Wednesday, June 25, 2014

An Insulting Time to be a Writer

Siddharth Dhanvant Shanghvi writes that it's an insulting time to be a writer. Why? Read on...


Writer's BlockPerhaps it's a depressing time to be a writer. Offended by the littlest thing, censors and cretins elbow publishers into pulping books. Readers patronize novels written by former accountants that retail with bright gold stickers bragging Rs 80 ONLY! Publicists scold you if you don't tweet like Shashi Tharoor — provocatively, unrelentingly, uselessly . Editors say, 'Have you considered an Indian Sixty Shades of Grey?' (Yes, it's my memoir). Big book prizes beg around to stay funded, amending old names to the latest sponsor. Critics know they've become as culturally irrelevant as the books they review in publications with an annual readership of five. If there was never any money to be made in publishing books there is now money to be lost in writing them. Bah.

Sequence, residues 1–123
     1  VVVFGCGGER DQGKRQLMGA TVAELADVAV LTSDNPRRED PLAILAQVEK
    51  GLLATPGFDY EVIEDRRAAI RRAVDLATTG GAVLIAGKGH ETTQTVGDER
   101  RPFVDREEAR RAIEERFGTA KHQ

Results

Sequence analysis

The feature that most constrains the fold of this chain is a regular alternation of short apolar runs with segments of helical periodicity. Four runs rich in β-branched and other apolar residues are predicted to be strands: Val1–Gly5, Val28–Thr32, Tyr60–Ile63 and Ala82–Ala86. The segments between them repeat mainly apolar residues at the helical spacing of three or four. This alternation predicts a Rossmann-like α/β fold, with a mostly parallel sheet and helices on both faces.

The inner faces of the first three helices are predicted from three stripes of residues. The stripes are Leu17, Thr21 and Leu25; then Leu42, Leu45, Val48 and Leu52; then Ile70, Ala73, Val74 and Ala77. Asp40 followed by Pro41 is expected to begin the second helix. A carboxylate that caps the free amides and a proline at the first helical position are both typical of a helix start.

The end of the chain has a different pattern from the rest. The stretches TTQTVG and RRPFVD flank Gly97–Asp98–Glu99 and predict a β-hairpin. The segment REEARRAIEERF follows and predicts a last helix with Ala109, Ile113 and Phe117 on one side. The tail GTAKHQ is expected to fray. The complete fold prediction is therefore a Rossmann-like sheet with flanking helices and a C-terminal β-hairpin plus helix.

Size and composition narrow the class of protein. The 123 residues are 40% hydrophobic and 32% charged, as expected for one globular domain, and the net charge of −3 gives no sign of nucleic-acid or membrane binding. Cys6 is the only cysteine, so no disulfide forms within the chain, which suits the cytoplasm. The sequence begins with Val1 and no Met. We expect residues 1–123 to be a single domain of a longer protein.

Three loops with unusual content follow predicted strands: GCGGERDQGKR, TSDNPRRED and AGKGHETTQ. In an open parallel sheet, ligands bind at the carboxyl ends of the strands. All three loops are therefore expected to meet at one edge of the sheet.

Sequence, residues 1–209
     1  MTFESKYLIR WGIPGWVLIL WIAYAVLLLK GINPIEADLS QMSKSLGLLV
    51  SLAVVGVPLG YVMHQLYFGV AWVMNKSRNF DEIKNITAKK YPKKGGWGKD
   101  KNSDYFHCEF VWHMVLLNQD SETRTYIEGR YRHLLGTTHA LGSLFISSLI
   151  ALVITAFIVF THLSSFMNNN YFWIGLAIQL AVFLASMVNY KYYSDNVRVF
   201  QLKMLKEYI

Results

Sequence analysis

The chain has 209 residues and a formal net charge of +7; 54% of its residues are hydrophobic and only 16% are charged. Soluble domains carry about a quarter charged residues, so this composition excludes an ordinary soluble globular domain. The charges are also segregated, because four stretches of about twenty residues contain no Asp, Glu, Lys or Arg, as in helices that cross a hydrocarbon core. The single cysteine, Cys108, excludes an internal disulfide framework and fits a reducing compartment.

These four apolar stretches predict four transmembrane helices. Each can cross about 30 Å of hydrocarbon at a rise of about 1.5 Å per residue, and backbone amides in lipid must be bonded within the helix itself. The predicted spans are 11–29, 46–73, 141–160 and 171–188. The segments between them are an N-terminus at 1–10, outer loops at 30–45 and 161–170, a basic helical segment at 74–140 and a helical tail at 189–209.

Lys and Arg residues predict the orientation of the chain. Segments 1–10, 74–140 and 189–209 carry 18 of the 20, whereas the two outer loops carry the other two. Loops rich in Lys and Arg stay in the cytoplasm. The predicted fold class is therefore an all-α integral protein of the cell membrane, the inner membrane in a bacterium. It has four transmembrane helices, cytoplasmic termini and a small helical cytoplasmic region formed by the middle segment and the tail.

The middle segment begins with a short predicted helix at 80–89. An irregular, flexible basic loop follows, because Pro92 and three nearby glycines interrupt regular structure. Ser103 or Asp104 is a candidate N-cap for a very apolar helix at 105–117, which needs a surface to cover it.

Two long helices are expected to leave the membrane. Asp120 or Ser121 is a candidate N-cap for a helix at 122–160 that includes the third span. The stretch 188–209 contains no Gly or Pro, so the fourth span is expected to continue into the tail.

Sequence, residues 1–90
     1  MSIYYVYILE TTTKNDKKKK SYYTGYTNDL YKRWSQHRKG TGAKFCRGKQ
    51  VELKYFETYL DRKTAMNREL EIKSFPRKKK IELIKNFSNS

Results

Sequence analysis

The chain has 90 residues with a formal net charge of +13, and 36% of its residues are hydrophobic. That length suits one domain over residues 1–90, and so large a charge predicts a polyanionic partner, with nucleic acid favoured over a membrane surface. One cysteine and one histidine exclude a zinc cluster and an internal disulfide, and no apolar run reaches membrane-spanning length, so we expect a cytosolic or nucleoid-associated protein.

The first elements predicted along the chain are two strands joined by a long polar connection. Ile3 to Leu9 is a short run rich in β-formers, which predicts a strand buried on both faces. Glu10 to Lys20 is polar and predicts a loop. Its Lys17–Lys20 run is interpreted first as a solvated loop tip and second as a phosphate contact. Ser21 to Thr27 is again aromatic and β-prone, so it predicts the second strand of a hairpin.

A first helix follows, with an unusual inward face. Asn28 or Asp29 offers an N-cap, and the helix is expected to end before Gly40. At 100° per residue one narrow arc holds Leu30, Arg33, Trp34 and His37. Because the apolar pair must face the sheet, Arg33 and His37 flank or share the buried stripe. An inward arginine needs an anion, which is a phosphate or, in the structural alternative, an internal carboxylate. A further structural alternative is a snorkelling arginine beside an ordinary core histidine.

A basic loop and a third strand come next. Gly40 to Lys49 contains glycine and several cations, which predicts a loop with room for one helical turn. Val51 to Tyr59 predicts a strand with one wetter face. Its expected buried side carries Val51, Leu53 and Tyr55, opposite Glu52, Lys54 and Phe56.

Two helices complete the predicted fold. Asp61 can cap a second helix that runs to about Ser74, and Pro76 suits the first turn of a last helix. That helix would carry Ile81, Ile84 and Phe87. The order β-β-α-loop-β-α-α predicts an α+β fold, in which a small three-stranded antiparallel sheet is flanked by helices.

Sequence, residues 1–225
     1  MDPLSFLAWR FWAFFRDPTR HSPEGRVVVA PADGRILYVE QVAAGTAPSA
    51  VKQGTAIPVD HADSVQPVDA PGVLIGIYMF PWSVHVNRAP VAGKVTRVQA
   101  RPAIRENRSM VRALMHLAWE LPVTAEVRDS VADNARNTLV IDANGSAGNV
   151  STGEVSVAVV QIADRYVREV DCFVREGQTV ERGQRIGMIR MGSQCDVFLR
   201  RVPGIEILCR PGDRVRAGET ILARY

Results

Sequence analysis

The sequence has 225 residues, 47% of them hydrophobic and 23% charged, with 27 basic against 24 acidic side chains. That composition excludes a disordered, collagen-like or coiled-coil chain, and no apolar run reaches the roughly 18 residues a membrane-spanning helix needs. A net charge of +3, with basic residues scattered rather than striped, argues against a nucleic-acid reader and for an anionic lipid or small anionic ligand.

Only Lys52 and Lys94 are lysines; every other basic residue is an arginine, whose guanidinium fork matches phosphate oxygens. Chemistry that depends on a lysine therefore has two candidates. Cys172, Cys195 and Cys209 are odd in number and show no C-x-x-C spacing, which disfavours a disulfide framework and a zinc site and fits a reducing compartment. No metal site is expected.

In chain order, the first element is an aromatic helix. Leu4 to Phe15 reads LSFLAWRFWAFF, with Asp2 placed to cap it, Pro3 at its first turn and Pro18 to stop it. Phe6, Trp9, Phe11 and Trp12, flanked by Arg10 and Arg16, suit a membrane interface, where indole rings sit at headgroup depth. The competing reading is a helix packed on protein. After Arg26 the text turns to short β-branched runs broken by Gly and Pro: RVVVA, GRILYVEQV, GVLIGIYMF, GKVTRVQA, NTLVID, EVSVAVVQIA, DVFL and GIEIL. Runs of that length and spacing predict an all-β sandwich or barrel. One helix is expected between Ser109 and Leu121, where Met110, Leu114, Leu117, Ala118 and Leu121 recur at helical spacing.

And yet, we write. I write. It's an insulting time to be a writer — and in a strange way, the most important thing to do right now. I don't mean to write novels to win readers (good luck, babe) or to write long, hectoring essays that appoint authors as ambassadors of causes (you can be a big fraud or a small fraud, either ways the capital investment is the same). I mean writing in the old fashioned sense of an active endorsement of solitude, writing to fashion and organize a life, writing as a means to think aloud. And to be a writer who is not a cultural celebrity, as he was until recently, but someone who put up in relative isolation, obscure and sloshed, raging against the world and celebrating beauty at every possible occasion, as he always had. Books became again what they were: love letters to people you are yet to meet. With all perks under check, and no expense account to speak of, you'd have to be nutty to want to be a writer. If you are one then I salute you. Few things make me as insanely joyous as being faced by a blank, commandeering page, and to experience this joy without any of its accompanying consolations of public success is to meet, finally, something like accomplishment. This feeling is personal, and enduring.

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